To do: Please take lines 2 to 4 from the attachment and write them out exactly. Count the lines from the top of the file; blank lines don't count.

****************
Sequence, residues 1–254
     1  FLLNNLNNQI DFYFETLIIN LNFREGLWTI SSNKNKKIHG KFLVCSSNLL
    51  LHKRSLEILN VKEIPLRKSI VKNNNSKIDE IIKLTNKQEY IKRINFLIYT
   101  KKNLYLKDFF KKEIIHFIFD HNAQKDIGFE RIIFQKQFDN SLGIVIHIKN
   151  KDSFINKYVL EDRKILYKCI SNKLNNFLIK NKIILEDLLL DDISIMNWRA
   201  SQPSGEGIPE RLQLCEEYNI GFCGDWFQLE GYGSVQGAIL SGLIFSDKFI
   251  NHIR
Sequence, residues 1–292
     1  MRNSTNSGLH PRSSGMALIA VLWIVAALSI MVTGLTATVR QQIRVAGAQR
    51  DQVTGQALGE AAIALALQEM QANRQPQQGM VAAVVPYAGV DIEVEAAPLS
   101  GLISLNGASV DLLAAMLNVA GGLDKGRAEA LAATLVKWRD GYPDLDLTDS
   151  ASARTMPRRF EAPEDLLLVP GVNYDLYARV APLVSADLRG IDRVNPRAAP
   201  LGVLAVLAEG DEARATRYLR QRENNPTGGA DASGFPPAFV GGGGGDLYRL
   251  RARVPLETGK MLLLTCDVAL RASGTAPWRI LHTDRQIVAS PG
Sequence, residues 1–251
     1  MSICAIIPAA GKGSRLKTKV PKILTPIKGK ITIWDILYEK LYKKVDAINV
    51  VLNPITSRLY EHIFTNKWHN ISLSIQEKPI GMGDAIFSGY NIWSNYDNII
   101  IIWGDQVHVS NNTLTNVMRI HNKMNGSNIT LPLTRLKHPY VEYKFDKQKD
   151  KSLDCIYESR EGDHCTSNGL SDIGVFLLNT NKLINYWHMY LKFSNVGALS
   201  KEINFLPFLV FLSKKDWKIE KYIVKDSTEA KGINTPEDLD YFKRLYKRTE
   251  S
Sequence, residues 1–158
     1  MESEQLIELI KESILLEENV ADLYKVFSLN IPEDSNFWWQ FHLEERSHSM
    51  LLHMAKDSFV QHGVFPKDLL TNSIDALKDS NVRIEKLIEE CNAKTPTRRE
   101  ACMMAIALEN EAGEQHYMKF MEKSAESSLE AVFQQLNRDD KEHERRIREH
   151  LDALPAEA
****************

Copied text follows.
     1  FLLNNLNNQI DFYFETLIIN LNFREGLWTI SSNKNKKIHG KFLVCSSNLL
    51  LHKRSLEILN VKEIPLRKSI VKNNNSKIDE IIKLTNKQEY IKRINFLIYT
   101  KKNLYLKDFF KKEIIHFIFD HNAQKDIGFE RIIFQKQFDN SLGIVIHIKN